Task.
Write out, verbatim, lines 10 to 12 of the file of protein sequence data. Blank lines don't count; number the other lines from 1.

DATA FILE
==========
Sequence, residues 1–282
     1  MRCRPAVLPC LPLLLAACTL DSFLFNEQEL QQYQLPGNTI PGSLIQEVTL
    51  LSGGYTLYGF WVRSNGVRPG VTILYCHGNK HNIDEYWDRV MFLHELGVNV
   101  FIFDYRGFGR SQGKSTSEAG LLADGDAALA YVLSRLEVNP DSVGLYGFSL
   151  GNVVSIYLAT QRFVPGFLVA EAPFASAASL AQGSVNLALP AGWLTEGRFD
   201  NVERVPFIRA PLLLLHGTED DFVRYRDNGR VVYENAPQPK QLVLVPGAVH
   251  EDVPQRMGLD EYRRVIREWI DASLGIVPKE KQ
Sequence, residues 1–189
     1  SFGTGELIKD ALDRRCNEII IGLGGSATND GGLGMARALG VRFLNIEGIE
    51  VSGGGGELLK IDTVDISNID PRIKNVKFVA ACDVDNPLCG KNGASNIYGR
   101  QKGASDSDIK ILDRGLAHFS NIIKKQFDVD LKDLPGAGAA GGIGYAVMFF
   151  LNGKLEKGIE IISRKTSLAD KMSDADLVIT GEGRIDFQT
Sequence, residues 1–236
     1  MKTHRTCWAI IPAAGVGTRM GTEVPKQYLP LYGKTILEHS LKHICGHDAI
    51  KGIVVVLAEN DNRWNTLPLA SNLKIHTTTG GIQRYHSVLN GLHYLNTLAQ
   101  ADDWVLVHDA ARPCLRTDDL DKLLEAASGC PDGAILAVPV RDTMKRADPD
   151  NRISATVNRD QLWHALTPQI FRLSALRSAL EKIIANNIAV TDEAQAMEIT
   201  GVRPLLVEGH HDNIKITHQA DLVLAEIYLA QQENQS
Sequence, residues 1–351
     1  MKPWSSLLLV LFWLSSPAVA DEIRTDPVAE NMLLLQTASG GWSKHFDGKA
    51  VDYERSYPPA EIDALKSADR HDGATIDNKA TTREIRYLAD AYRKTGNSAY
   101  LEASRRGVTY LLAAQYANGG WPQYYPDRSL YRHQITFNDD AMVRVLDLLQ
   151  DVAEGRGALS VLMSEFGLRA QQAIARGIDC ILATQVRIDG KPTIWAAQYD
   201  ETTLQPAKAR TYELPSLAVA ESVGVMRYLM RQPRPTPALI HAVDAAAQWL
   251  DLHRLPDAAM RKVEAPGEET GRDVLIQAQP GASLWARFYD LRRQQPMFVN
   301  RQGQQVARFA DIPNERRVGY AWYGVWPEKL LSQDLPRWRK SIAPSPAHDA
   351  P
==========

    51  VSGGGGELLK IDTVDISNID PRIKNVKFVA ACDVDNPLCG KNGASNIYGR
   101  QKGASDSDIK ILDRGLAHFS NIIKKQFDVD LKDLPGAGAA GGIGYAVMFF
   151  LNGKLEKGIE IISRKTSLAD KMSDADLVIT GEGRIDFQT